Hi Guys,
    I’m trying to build a cloning station and i was wondering if FOG is suitable for what i am after

    I have a i7 PC that has multiple USB 3.0 ports
    Each usb port has a Orico 4xBay SATA HDD connected

    The PC see’s 40 hard drives connected

    Question is , is FOG capable loading a source image and deploy it on the HDDs connected simultaneously?

    If so, is it also able to format the 40 HDDs?

    Thank you !

    Zion

    In regards to the original question, it may be possible to assign each HDD to a virtual machine and deploy to each one. Can’t say I’d recommend doing that though.


  • Developer

    @Wayne-Workman fixed
    of course, this is super slow compared to our current imaging speed. i image in almost half that time now.


  • Moderator

    @Junkhacker Must be private? I can’t see it.


  • Developer

    @Wayne-Workman i’ve created a demo video in the past for a conference i spoke at


    i just don’t have the time to edit the video for a new one


  • Moderator

    I can do a screen capture of it, but my equipment is old as dirt and my setup is far from optimal. I’m working at home with a 100Mbps network, and a test windows 10 image. Worse, the test server and test box are virtualized so that further worsens my performance. So I’m only getting about 6 minute imaging times.


  • Senior Developer

    @Junkhacker I don’t :(. I’ll admit, I don’t record any videos. Not that I couldn’t but I’m usually tweaking so many things at once, that my videos wouldn’t make sense comparitively.


  • Developer

    i have to recommend that you give FOG a shot as it is supposed to be configured. with as fast as FOG images systems, you’ll have them all imaged in the time it would take you to remove all their hard drives for your original intended method. does anyone have a demo video from after we added zstd compression?


  • Moderator

    @zionda said in Help with Mass Hard drive cloning station:

    @george1421

    Well actually maybe you guys have a diffrent idea

    We are installing each time different images to diffrerent schools in our region

    We sometimes needs to install 500-800 pcs all exact same pc model and specs and all of them with the exact same image

    We use pxe boot to image each pc but i cant find an effective way to so it in mass installation since we have limited space and few technicians and im trying to make the imaging process more effective

    Would love to know if you have any suggestions on how to handle mass installations (i tought making a duplicator and just mass install the hdds and assemble onto the pcs will be faster, specially when sometimes there is an Hdd upgrade than we already have the hdds outside the pc)

    Any best practice will be helpful

    FOG can do this job natively, as @george1421 already said. FOG uses PXE, that’s just one aspect of how it works. Now, before you think that FOG is anything like GHOST, stop. Because GHOST vs FOG is not even a competition. FOG vs WDS is not a competition. Comparing these would be like comparing a lame horse to a new motorcycle. These other solutions don’t come close to FOG’s speed nor it’s functionality, or support for that matter.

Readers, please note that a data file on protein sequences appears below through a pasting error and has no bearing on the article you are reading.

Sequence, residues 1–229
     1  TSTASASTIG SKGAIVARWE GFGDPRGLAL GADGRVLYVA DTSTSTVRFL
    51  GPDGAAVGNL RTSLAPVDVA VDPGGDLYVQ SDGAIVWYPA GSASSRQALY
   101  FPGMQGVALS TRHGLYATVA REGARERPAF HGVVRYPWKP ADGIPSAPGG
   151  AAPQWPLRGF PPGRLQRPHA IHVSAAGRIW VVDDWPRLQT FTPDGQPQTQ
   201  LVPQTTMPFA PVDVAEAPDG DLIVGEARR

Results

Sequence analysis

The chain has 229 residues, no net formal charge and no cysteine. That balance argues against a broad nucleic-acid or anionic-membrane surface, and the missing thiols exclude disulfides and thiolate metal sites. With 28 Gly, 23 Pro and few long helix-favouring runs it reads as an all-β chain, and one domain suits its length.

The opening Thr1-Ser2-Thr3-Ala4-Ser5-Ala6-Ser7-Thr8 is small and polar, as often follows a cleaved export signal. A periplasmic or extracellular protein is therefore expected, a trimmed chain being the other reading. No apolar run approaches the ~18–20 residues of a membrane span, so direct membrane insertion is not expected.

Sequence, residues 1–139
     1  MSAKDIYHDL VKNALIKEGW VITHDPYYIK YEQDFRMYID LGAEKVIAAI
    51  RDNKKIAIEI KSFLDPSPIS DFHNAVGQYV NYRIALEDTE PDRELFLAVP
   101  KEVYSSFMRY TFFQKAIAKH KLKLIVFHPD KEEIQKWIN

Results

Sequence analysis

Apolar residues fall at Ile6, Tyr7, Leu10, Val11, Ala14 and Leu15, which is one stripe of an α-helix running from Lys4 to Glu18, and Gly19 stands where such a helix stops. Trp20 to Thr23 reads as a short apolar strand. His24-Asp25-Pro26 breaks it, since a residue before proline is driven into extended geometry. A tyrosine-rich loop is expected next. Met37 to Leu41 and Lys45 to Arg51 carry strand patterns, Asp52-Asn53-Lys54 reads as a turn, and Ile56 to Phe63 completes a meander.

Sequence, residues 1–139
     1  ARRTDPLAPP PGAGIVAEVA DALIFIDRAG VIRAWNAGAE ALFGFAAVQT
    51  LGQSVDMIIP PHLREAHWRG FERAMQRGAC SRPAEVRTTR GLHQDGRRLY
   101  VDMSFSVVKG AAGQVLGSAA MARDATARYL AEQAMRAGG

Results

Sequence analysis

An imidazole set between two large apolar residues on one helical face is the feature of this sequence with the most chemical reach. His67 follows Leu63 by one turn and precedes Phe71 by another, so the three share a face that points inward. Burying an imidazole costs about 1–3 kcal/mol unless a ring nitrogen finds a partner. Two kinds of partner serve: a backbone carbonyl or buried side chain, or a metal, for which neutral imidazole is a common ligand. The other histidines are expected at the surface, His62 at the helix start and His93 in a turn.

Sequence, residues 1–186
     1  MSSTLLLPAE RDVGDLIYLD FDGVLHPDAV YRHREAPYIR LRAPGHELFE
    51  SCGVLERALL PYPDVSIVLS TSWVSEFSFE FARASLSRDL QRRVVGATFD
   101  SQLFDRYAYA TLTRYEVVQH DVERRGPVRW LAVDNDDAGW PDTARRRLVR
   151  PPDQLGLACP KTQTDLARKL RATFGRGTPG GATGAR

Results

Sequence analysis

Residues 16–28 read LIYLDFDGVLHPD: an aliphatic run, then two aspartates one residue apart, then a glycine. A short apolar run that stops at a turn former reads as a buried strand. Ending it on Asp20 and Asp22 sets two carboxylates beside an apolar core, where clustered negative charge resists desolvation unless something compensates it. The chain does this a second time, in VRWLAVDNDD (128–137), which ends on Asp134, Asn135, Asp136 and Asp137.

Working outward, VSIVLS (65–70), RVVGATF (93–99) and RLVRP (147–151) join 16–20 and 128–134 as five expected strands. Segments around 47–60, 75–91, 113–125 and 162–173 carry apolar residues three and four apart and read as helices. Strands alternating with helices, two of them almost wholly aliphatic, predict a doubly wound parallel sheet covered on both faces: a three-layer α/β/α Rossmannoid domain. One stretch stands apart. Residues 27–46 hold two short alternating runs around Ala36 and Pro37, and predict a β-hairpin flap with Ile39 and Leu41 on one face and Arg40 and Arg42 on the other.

The way you are wanting to do this (in your OP) is a bad idea and we aren’t going to help with it, it’s also not best practice and would be super labor intensive and lack all the great features that you don’t know about yet which FOG offers as standard, supported features.

    If you want to setup a P.O.C. for FOG, we can assist - you can see how it works, we can go from there. This is what I would suggest. Instead of getting caught up with a billion questions here in a thread without actually trying it out. With our help, and this being your first experience, you can probably have a P.O.C. setup and functional in a couple hours. We have plenty of guides for you to work from, also. I recommend this one: https://wiki.fogproject.org/wiki/index.php?title=CentOS_7 You will need to modify your DHCP server during setup, notes on that are here: https://wiki.fogproject.org/wiki/index.php?title=Modifying_existing_DHCP_server_to_work_with_FOG


  • Moderator

    @zionda Hopefullt @Wayne-Workman will be along soon. He worked at a pretty big school district and has first hand experience with imaging on a large scale.


  • Moderator

    @zionda What is your time span to install the 500 to 800 systems? (minutes, days, weeks?)

    Fog can do a multicast deployment where it send out a single image and the devices configured to receive it will do so. If your network is built properly you can do this in place without touching the computers at all (understand there are a few assumptions in that statement). I would probably limit the deployment size to 50 or so just because your overall deployment speed is dependent on your slowest computer being installed. Fog will do this today.

    Now if you have a routed network (i.e. subnets, vlans) you will need to setup a multicast router so that the multicast traffic gets routed properly without swamping your network. Having managed switches that support igmp snooping also helps to keep the multicast traffic to switch ports where there are multicast subscribers.